Actually, in the long run, my advice is “don’t challenge your hip.” You want it as long as possible, because even a hip replacement doesn’t last forever. Get some weight off if you can and save it that, too. In the meantime, there are many, many jobs which are people-oriented and the fact that you are bilingual is a huge advantage for you. Consider something that does not contribute to the early loss of your mobility.

  5. I want to thank you Sarah for all your information and help! I was recently hired with United and my training starts in December! My career is taking off.

  6. It’s funny because I always wanted to be a flight attendant because “I love people and I love to travel.” I have been working for a regional airline for almost 2 years and I still feel the same way. There are definitely hard days, but for the most part the job itself is fairly easy and I love what I do. One of the greatest things for me was having the feeling that I had started a real career, not just a job.

  7. jennifer @ 2011-11-18 15:16

    please, anyone can tell me what it is to work as a flight attendant, I am 24 and change of career to become a flight attendant. I always wanted to be one. If any professionals, please email me back. I would appreciate receiveing some feedback.
    Thank you

  8. Hello,
    does having a BA in psychology relate to or help with becoming flight attendant?
    Thank you,

  9. Hello,
    I’ve been reading this blog for about 10-15 minutes and it has already been so helpful. I’m updating my resume and someone told me using keywords is really important. Do you have any advice about good keywords to use? Thanks so much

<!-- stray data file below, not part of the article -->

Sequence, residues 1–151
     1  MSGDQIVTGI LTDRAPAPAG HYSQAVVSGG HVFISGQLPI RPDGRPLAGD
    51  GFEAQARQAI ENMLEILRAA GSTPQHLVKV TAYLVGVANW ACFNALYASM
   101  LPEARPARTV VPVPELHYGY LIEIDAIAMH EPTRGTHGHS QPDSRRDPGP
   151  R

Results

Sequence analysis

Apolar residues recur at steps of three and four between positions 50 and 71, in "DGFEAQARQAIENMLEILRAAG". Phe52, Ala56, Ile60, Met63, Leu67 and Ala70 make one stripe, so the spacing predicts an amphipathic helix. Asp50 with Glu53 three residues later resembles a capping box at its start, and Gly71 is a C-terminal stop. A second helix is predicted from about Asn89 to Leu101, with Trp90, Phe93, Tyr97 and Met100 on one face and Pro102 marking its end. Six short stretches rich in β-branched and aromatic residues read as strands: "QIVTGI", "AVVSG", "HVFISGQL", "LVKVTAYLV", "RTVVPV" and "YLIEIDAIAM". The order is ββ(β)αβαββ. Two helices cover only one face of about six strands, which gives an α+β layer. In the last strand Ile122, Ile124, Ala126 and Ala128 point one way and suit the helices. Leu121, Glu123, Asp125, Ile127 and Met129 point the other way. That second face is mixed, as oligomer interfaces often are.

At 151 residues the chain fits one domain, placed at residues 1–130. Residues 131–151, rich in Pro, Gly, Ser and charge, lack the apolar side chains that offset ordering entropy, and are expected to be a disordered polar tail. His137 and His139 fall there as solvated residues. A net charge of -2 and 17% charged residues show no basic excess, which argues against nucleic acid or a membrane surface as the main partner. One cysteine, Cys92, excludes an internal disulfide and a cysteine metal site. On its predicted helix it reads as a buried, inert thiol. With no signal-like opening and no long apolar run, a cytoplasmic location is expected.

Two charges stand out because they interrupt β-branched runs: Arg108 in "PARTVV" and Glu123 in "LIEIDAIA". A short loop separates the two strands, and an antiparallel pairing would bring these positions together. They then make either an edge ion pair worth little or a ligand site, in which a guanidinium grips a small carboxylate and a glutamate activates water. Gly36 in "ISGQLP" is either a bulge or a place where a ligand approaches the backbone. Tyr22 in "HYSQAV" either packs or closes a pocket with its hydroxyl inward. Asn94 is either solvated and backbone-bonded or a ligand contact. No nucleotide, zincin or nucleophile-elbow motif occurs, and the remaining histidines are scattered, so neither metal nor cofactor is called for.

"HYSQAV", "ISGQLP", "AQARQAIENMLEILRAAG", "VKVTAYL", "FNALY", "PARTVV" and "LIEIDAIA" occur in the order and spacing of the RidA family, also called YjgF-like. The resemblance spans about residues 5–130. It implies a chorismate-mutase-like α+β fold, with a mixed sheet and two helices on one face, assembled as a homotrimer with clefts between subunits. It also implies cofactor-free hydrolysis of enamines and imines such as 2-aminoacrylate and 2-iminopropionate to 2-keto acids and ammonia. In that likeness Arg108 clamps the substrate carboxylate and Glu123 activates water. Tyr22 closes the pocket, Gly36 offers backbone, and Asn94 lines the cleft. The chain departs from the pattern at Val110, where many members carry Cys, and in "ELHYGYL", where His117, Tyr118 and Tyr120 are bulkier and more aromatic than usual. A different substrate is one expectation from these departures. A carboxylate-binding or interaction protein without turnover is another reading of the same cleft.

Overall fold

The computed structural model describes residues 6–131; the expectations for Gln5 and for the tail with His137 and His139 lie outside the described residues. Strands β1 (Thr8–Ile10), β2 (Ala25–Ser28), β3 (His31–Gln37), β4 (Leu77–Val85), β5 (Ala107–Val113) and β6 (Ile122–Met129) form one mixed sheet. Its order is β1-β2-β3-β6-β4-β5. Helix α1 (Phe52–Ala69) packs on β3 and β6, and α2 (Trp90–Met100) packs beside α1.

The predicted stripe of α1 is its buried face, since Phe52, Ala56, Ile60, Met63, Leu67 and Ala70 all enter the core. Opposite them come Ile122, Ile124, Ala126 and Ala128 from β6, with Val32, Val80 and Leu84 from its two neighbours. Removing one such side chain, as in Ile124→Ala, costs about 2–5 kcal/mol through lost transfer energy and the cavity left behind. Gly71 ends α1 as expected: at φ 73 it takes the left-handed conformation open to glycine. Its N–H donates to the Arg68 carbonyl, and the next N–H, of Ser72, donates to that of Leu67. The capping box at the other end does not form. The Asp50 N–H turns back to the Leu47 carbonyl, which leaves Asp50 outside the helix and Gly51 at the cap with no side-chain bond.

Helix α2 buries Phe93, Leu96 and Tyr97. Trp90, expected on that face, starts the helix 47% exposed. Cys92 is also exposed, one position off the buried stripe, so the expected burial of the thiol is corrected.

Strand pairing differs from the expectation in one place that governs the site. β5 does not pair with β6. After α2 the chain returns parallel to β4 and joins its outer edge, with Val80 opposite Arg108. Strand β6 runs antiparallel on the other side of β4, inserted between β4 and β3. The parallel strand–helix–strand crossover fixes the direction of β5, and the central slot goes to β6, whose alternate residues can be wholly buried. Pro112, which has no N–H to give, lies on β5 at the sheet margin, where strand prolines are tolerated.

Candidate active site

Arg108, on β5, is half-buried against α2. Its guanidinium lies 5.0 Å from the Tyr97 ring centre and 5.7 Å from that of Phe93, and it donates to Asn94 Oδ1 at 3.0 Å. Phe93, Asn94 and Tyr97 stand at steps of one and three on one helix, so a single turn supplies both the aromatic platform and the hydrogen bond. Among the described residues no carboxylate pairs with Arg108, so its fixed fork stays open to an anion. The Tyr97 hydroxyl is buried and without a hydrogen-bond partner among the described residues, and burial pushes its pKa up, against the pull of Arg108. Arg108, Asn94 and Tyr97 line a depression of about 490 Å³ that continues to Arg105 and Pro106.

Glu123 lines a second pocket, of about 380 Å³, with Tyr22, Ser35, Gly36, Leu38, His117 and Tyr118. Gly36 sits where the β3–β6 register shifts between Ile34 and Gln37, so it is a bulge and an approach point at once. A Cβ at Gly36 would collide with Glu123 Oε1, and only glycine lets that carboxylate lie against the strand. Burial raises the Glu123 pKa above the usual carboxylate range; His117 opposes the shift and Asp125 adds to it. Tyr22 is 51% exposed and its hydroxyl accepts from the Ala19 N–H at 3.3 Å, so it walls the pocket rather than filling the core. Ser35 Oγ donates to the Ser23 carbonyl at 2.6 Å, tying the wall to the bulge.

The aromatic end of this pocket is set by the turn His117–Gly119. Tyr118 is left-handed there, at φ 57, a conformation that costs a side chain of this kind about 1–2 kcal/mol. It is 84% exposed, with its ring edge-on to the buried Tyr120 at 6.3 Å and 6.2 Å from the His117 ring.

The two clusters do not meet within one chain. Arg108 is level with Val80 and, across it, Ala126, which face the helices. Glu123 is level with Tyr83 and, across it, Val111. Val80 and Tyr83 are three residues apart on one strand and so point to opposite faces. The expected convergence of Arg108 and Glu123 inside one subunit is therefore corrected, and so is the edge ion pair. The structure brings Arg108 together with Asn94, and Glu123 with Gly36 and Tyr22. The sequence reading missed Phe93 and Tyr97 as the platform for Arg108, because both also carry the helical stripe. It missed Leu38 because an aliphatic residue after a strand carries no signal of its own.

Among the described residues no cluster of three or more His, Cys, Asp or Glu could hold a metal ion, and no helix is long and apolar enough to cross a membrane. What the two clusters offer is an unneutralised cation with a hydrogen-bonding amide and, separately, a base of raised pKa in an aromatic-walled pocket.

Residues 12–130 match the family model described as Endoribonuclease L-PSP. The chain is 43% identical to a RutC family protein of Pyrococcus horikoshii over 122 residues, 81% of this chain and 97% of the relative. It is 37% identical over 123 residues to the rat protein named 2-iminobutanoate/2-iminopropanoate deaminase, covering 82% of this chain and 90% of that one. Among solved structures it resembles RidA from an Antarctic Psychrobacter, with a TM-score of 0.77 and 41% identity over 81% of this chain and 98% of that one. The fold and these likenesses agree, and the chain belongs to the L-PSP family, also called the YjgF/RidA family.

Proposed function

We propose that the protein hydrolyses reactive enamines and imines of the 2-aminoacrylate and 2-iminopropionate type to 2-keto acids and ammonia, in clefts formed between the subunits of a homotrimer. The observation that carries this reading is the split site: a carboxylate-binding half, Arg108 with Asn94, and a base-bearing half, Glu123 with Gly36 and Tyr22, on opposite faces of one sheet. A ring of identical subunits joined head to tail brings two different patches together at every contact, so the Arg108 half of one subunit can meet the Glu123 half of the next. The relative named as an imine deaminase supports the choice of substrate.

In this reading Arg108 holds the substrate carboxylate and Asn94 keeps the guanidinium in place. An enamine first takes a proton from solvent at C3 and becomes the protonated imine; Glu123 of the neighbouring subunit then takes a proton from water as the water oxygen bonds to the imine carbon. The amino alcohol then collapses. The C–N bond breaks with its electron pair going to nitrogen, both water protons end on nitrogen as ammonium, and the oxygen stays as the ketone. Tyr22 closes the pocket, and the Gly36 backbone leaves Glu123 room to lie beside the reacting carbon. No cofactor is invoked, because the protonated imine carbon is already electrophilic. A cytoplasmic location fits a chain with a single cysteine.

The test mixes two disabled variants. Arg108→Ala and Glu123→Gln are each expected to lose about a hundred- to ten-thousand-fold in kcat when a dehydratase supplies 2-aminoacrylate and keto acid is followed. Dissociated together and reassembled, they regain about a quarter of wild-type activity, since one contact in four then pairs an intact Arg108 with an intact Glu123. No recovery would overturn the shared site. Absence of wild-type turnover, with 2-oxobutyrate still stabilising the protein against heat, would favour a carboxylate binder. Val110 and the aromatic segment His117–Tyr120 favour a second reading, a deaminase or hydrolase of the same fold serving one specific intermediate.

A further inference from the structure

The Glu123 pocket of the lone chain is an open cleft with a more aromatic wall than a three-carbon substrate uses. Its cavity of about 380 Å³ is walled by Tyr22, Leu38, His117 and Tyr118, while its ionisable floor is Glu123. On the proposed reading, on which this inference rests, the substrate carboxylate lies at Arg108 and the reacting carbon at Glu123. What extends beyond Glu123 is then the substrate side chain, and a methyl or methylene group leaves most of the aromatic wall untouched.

10. tanya katrina tirambulo javier @ 2012-03-14 10:00

    I just had my Final Interview at Qatar airways open house recruitment. It was fun, i passed the exams, i had a group inter action and hopefully in 3 weeks i will be notified if I passed the final interview or not

  11. Jami Duncan @ 2012-11-27 07:51

    I have always wanted to be a flight attendant but ended up getting married and having a family. My kids are now grown and I am single, so I figured now would be the perfect opportunity for me. Still trying to figure out the best way to prepare for an interview and some of the questions I may be ask. Also what’s the best way to search for airlines hiring?

  12. melody Braun Wilds @ 2012-11-28 10:55

    Jami, Your the perfect candidate. You have raised a family. You can handle a crisis, be on time with schedules. Follow a mix of schedules and be on time. Most of all handle different personality of your children. This are all key words to use in your sit down job interview. Please also tell your interviewee that this is your dream job and that you have raised your family and now you can travel the world. By the way United Airlines is hiring. Good Luck! I have been flying for almost 15 years. Former Continental. I love my job and the flexibility it offers..

  13. Aaron Boyd @ 2013-07-15 18:54

    I want love to be a flight attendant . I am 29 years of age , a male also I am a deputy sheriff in Indianapolis ,Indiana . I know I would love the job I am a people’s person and love helping people